Beliefnet
Doing Life Together

ID-100139663When my husband and I watch a movie that has a strong emotional story line, I seem to be more moved by the story. For example, the opening scene of Saving Private Ryan felt traumatizing to me. I kept whispering in my husband’s ear, “Make it stop. It’s too much.”

Is this because women are sensitized to emotions more so than men, or is it because of differences in the way men and women process emotion?

A study from the University of Basel looked at gender differences in emotional processing to help answer this question. In their study, men and women were shown images of emotional and neutral content. Women rated the emotional images as more emotionally stimulating than men, especially the negative images.  When the images were neutral, there were no gender differences in the ratings.

When both genders were given a memory test following the exposure to emotional images, women remembered them better than men. This was especially true for the positive images. The reseachers believe this is due to differences in how emotions are processed in the brain of men and women.

Looking at fMRI images of the male and female brains, the researchers saw increased activity in motor regions of women’s brains linked to those emotionally stimulating images.

According to one of the researchers, these findings may help us understand why women are more prone to depression, anxiety, and post traumatic stress, all of which involve emotional dysregulation. If women have stronger reactivity to negative emotional images and remember them better than men do, this could help explain those gender differences.

Maybe this is why I had to close my eyes during the opening scene of Saving Private Ryan and was so much more bothered by the massacre on Omaha Beach. I was more emotionally stimulated, expressed those emotions and could recall them better than my husband.

 

Source:Klara Spalek, Matthias Fastenrath, Sandra Ackermann, Bianca Auschra, XDavid Coynel, Julia Frey, Leo Gschwind, Francina Hartmann, Nadine van der Maarel, Andreas Papassotiropoulos, Dominique de Quervain and Annette MilnikSex-Dependent Dissociation between Emotional Appraisal and Memory: A Large-Scale Behavioral and fMRI StudyJournal of Neuroscience (2015) | doi: 10.1523/jneurosci.2384-14.2015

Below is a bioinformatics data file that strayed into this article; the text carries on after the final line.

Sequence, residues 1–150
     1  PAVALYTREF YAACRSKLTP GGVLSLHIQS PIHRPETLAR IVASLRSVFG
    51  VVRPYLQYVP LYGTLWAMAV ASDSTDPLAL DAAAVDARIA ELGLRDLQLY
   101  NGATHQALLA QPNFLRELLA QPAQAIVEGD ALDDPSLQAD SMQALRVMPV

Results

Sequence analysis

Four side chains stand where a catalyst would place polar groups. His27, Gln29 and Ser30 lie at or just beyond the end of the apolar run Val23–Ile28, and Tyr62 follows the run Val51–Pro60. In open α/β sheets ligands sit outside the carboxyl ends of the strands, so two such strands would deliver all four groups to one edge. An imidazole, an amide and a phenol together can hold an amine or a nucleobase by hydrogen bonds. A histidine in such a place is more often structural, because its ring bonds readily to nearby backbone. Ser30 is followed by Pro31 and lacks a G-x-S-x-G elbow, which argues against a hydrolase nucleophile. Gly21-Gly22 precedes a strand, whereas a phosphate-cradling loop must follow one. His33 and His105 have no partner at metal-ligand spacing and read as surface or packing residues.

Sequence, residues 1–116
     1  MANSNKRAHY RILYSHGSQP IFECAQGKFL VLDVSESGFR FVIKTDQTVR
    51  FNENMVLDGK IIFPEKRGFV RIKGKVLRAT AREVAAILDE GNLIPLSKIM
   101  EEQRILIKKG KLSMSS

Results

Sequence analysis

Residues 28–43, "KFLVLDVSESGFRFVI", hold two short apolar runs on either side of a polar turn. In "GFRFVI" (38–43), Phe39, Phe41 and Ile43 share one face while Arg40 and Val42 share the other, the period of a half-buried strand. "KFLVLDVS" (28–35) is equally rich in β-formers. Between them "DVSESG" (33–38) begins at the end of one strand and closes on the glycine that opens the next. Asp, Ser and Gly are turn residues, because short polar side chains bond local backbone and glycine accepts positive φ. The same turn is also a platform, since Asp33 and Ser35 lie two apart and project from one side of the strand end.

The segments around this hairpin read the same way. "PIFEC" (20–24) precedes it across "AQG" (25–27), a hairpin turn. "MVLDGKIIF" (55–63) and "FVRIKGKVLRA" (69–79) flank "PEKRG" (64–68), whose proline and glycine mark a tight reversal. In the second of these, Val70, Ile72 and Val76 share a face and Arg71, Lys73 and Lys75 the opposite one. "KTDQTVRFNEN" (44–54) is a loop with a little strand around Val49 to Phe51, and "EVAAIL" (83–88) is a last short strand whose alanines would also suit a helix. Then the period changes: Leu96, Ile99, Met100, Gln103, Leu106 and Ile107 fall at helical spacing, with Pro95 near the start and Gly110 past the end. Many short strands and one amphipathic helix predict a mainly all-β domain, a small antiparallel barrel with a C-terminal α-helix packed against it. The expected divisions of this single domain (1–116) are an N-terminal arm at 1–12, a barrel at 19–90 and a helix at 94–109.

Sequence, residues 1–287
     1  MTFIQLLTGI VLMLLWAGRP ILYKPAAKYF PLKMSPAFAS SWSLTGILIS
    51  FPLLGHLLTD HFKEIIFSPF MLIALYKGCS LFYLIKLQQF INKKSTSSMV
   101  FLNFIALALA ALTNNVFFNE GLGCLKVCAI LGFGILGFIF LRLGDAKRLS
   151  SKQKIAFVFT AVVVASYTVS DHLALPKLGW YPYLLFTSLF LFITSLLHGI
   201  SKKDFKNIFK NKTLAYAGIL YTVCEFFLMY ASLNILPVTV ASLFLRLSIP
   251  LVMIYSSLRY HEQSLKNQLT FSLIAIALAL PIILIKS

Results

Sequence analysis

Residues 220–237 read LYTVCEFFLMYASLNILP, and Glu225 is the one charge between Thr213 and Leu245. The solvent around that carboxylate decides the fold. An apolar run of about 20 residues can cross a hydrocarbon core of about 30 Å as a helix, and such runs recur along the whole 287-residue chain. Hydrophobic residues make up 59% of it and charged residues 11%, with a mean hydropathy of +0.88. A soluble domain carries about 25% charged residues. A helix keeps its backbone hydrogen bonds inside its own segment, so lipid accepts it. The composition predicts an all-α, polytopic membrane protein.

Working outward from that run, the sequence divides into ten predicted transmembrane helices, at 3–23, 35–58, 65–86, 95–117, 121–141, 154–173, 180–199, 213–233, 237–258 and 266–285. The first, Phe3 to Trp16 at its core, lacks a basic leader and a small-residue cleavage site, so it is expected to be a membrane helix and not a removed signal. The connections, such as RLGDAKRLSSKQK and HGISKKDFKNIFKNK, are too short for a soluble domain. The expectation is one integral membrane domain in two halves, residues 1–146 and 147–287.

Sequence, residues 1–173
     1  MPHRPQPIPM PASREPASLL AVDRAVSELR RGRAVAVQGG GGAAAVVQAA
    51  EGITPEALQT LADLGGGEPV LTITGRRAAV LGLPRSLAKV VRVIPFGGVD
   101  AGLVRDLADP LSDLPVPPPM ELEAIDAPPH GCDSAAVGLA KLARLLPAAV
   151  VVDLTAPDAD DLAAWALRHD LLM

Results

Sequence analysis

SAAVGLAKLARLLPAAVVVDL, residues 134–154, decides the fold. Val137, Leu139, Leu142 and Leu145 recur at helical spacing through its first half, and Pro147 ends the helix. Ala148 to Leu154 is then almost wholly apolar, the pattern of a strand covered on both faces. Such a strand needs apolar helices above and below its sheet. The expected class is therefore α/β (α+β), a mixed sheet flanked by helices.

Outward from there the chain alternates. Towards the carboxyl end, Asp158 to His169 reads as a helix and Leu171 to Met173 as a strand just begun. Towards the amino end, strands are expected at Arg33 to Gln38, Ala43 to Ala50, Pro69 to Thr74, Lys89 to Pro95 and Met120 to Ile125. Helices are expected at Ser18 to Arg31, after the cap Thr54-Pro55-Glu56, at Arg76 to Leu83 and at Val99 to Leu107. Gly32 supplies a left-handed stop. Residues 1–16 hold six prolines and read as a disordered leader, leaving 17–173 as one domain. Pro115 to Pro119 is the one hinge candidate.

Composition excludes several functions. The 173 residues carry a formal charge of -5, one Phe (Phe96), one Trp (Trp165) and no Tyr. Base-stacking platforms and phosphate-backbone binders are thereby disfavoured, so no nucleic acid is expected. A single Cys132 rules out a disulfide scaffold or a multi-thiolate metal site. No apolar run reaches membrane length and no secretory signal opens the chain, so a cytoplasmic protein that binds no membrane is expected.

ID-10069860Coming this weekend is Valentine’s Day.

Raise your hand if you are doing the standard dinner out, flowers and candy. While this is nice, some of you may need to infuse a little more excitement into your boring relationship;

The key: Novelty!

Do something new to stimulate your relationship that breaks from ordinary life. New experiences stimulate dopamine in the brain and that brings feelings of romance.

Here are a few ideas to rev up the romance and stimulate that boring brain:

1) Do a couple’s spa night. Schedule the two of you for relaxation and pampering. Check on-line coupon sites for deals.

2) Show love to a stranger or person in need. The two of you decide to go to a homeless shelter, children’s hospital or some place where showing love can bring joy to others.

3) Picnic somewhere scenic. Take a blanket, a basket of food and drink and find a beautiful spot to picnic. For those of us in more northern climates, it may have to be an indoor place with a view, so be creative. You might even drive to a scenic view and picnic in your car. Or, if you have a fireplace, spread the picnic out on the floor!

4) If you can afford it, go to a nice hotel and truly get away. Leave your devices alone and enjoy the time together.

5) Do something you never do: Sign up for a cooking class, go on a hike, go bowling or play laser tag.

6) Create love notes all over the house with clues on how to find them.

7) For those of you with a more creative side, write a poem, compose a song, or find quotes that express your love.

8) Recreate your first date. You may not be able to go back to the exact location, but you could use pictures, maps and reminders of the place, then create the date and relive the memory.

9) Create a surprise. Not knowing where you are going or what you are doing with only a few clues along the way, adds to the fun and novelty.